Chlorogenic acid (CHA) and gallic acid (GA) are safe natural phenolic compounds that are used as enhancers of some drugs in influencing antioxidant, anticancer, and antibacterial activities. Among fungi, Candida spp. and Malassezia spp. are characterized by an increasing prevalence of multidrug resistance phenomena and by a high morbidity and mortality of their infections. No data are available about the efficacy of CHA and GA combined with azoles on the antifungal susceptibility and on the virulence of both fungi. Therefore, their antifungal and antivirulence effects have been tested in combination with fluconazole (FLZ) or ketoconazole (KTZ) on 23 Candida spp. and 8 M. furfur isolates. Broth microdilution chequerboard, time-kill studies, and extracellular enzymes (phospholipase and hemolytic) activities were evaluated, displaying a synergistic antifungal action between CHA or GA and FLZ or KTZ on C. albicans, C. bovina, and C. parapsilosis, and antagonistic antifungal effects on M. furfur and Pichia kudriavzevii (Candida krusei) isolates. The time-kill studies confirmed the chequerboard findings, showing fungicidal inhibitory effect only when the GA was combined with azoles on Candida strains. However, the combination of phenolics with azoles had no effect on the virulence of the tested isolates. Our study indicates that the combination between natural products and conventional drugs could be an efficient strategy for combating azole resistance and for controlling fungistatic effects of azole drugs.

Effect of chlorogenic and gallic acids combined with azoles on antifungal susceptibility and virulence of multidrug-resistant Candida spp. and Malassezia furfur isolates

Rhimi, Wafa;Aneke, Chioma Inyang;Annoscia, Giada;Otranto, Domenico;Cafarchia, Claudia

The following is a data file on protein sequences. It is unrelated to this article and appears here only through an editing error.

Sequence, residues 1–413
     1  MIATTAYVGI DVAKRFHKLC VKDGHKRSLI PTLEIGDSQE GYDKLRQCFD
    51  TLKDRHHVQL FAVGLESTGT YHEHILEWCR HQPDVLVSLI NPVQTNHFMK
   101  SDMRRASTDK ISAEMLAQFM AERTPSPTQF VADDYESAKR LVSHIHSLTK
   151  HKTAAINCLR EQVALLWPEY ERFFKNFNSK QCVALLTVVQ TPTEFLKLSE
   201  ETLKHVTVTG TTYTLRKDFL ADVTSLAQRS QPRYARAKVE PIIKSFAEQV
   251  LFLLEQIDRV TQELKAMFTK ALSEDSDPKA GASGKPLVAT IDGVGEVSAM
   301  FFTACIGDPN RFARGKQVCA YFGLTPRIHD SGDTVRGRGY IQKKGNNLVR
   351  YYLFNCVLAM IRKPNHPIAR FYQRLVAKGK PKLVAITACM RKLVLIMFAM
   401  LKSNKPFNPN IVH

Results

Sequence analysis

2020

Abstract

Chlorogenic acid (CHA) and gallic acid (GA) are safe natural phenolic compounds that are used as enhancers of some drugs in influencing antioxidant, anticancer, and antibacterial activities. Among fungi, Candida spp. and Malassezia spp. are characterized by an increasing prevalence of multidrug resistance phenomena and by a high morbidity and mortality of their infections. No data are available about the efficacy of CHA and GA combined with azoles on the antifungal susceptibility and on the virulence of both fungi. Therefore, their antifungal and antivirulence effects have been tested in combination with fluconazole (FLZ) or ketoconazole (KTZ) on 23 Candida spp. and 8 M. furfur isolates. Broth microdilution chequerboard, time-kill studies, and extracellular enzymes (phospholipase and hemolytic) activities were evaluated, displaying a synergistic antifungal action between CHA or GA and FLZ or KTZ on C. albicans, C. bovina, and C. parapsilosis, and antagonistic antifungal effects on M. furfur and Pichia kudriavzevii (Candida krusei) isolates. The time-kill studies confirmed the chequerboard findings, showing fungicidal inhibitory effect only when the GA was combined with azoles on Candida strains. However, the combination of phenolics with azoles had no effect on the virulence of the tested isolates. Our study indicates that the combination between natural products and conventional drugs could be an efficient strategy for combating azole resistance and for controlling fungistatic effects of azole drugs.
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Utilizza questo identificativo per citare o creare un link a questo documento: http://hdl.handle.net/11586/262636
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